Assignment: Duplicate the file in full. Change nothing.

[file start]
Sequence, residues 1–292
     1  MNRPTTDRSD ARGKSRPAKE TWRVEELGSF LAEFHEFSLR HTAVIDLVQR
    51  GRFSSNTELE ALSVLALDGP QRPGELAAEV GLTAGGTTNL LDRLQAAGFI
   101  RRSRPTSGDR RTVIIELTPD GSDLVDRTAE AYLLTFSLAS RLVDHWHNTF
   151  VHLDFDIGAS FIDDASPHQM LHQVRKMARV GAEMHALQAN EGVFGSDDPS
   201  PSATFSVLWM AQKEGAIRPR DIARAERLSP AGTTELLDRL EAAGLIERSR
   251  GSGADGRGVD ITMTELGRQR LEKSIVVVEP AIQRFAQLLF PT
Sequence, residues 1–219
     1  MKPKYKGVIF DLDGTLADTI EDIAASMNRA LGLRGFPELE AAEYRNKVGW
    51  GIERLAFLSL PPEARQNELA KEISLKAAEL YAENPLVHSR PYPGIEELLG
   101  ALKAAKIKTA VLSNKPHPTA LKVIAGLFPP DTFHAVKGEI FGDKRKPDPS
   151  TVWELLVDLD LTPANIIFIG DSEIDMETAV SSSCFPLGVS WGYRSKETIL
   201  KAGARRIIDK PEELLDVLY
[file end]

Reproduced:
Sequence, residues 1–292
     1  MNRPTTDRSD ARGKSRPAKE TWRVEELGSF LAEFHEFSLR HTAVIDLVQR
    51  GRFSSNTELE ALSVLALDGP QRPGELAAEV GLTAGGTTNL LDRLQAAGFI
   101  RRSRPTSGDR RTVIIELTPD GSDLVDRTAE AYLLTFSLAS RLVDHWHNTF
   151  VHLDFDIGAS FIDDASPHQM LHQVRKMARV GAEMHALQAN EGVFGSDDPS
   201  PSATFSVLWM AQKEGAIRPR DIARAERLSP AGTTELLDRL EAAGLIERSR
   251  GSGADGRGVD ITMTELGRQR LEKSIVVVEP AIQRFAQLLF PT
Sequence, residues 1–219
     1  MKPKYKGVIF DLDGTLADTI EDIAASMNRA LGLRGFPELE AAEYRNKVGW
    51  GIERLAFLSL PPEARQNELA KEISLKAAEL YAENPLVHSR PYPGIEELLG
   101  ALKAAKIKTA VLSNKPHPTA LKVIAGLFPP DTFHAVKGEI FGDKRKPDPS
   151  TVWELLVDLD LTPANIIFIG DSEIDMETAV SSSCFPLGVS WGYRSKETIL
   201  KAGARRIIDK PEELLDVLY